Posted 20 Oct 2021
Many people regard horse racing as a harmless sport in which the animals are willing participants who thoroughly enjoy the thrill. The truth is that behind the scenes lies a story of immense suffering.
Animal Aid’s main campaigning goals are: the establishment of a new, independent organisation with sole responsibility for race horse welfare; and a ban on the whip (for any reason other than safety). We continue to press for the racing authorities to publish full details of on-course Thoroughbred deaths (currently running at around 200 a year) and an end to the Grand National.
We want to see an end to all horse racing, because it is an intrinsically cruel and exploitative industry, which fails to take care of horses when they are deemed to no longer be of use. After many years of exposing the truth about a heavily romanticised industry, Animal Aid has succeeded in changing the public perception and media coverage of racing.
How can I help?
- Please do not support the industry by betting on horses or attending racecourses.
- Order an information pack
- Help with our campaign objectives – see below
- Make a donation to Animal Aid so that we can continue holding the racing industry to account.
Campaign for a new race horse welfare regulator
The British Horseracing Authority (BHA) is currently responsible for race horse welfare – but the number of on-course fatalities is still around 200 a year, and horses continue to be abused with the whip.
In 2018, Animal Aid secured a Parliamentary debate on race horse welfare. The debate came about as the result of more than 105,000 compassionate people signing a government petition calling for the British Horseracing Authority to be stripped of its responsibility for race horse welfare, and instead for that vital job to be awarded to a body of professionals that would hold the industry to account over the shocking rate of race horse deaths and injuries. The racing industry responded by setting up its own welfare body – but because it has so far failed to make any meaningful improvements, Animal Aid continues to campaign for government intervention.You can help our campaign to lobby the government to establish a fully-independent welfare body by writing to your MP.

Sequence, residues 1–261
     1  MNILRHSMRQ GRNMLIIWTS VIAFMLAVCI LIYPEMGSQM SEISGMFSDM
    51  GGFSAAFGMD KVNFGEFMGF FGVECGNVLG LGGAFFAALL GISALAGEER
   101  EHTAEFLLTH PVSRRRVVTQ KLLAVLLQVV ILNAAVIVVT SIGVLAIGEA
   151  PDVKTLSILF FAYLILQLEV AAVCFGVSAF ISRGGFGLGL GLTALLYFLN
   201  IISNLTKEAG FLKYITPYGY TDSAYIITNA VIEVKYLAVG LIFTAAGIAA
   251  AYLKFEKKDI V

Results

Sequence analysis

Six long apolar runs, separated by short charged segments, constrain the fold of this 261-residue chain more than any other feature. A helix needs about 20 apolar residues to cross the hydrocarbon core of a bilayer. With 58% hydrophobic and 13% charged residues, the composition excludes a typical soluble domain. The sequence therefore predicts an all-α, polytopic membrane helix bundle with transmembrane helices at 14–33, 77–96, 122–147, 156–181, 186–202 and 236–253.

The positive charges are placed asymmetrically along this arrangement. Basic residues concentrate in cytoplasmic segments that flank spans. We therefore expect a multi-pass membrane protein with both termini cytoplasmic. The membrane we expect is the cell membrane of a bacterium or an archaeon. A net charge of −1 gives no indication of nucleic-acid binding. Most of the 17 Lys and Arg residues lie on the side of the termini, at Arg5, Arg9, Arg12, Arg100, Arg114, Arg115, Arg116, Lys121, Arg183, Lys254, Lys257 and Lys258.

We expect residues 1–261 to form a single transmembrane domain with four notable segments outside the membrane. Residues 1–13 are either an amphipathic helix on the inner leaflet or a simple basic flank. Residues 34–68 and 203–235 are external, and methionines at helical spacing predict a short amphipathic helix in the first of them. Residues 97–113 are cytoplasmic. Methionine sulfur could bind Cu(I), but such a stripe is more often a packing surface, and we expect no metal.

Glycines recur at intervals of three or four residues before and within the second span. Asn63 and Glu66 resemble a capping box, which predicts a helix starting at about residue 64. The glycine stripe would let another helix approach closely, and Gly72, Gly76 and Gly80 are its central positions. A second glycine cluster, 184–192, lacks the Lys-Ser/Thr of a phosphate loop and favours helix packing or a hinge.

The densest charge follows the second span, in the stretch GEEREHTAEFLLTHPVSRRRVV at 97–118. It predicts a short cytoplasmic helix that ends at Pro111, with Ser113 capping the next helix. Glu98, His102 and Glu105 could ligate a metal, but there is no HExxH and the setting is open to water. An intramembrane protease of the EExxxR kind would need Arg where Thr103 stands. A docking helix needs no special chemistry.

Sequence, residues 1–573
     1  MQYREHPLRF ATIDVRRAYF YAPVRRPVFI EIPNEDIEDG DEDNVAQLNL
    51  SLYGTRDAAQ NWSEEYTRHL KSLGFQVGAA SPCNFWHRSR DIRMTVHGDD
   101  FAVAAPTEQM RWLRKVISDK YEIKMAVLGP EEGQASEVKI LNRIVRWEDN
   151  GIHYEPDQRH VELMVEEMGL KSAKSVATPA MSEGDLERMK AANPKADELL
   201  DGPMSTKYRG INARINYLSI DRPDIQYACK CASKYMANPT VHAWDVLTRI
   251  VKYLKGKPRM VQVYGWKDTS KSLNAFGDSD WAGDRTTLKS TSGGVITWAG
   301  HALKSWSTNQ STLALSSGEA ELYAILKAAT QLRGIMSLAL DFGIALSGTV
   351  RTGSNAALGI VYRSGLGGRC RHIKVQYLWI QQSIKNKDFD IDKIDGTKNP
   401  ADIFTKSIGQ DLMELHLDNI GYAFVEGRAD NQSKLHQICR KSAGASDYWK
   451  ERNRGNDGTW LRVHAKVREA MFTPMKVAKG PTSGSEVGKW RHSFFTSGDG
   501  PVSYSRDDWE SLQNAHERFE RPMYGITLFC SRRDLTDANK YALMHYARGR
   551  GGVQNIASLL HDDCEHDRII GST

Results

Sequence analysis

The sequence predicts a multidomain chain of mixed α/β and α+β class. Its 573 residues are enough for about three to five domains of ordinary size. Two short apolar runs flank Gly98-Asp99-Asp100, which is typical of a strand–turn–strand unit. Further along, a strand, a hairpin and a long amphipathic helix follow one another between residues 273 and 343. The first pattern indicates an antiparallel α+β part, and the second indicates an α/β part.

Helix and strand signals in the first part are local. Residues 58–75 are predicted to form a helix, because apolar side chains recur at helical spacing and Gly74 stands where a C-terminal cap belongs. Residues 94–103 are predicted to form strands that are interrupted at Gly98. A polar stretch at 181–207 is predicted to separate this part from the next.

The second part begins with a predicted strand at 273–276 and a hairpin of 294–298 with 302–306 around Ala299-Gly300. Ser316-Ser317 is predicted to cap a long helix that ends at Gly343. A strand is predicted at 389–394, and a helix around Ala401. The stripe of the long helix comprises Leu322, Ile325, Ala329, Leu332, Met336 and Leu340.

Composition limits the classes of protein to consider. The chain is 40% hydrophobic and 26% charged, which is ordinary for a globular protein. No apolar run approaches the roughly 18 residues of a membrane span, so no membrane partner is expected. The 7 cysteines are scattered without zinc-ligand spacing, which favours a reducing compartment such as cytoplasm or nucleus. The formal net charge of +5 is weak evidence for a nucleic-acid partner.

Ban the whip!
Horses are the only animals who may be beaten in public for entertainment. Animal Aid has campaigned for many years to ban the whip from racing in Britain. Many jockeys repeatedly misuse the whip because, even when they are found guilty of misconduct, they still keep their riding fees and may not lose their winnings. Animal Aid is calling for the word ‘encouragement’ to be removed from the rules so that jockeys may use the whip only for extreme situations when safety is at risk.Write to your MP
Race Horse Death Watch
Animal Aid’s Race Horse Death Watch was launched during the 2007 Cheltenham Festival, after nine horses had been killed racing at the previous years’ event. Its purpose is to expose and record every on-course thoroughbred fatality in Britain. While we record every on-course fatality that comes to our notice, the true figures is considerably higher.Visit Race Horse Death Watch
Ban the Grand National
The Grand National is a deliberately hazardous race. Since 2000, 32 horses have died on the Grand National course and, over the course of the three-day meeting, 53 horses have been killed in that same period.
- Animal Aid is calling for this punishing, uncivilised event to be banned. Our annual Horse Racing Awareness Week takes place in the seven days leading up to the Grand National meeting in Aintree. Please follow the link below to find out how you can help raise awareness and join our campaign.
Cheltenham Racecourse is the second most dangerous course in Britain. In 2018, ten horses died there, seven of whom were killed during the four-day Cheltenham Festival. Horses have continued to die there since.Read about the Cheltenham Festival
Key Reports and Briefings
Animal Aid continues to produce revealing and thoroughly researched reports and Briefings on a wide range of topics related to horse racing. They include the abuse of the whip in racing, breeding of race horses and the safety and welfare problems at specific racecourses.See our key reports
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Posted 20 Oct 2021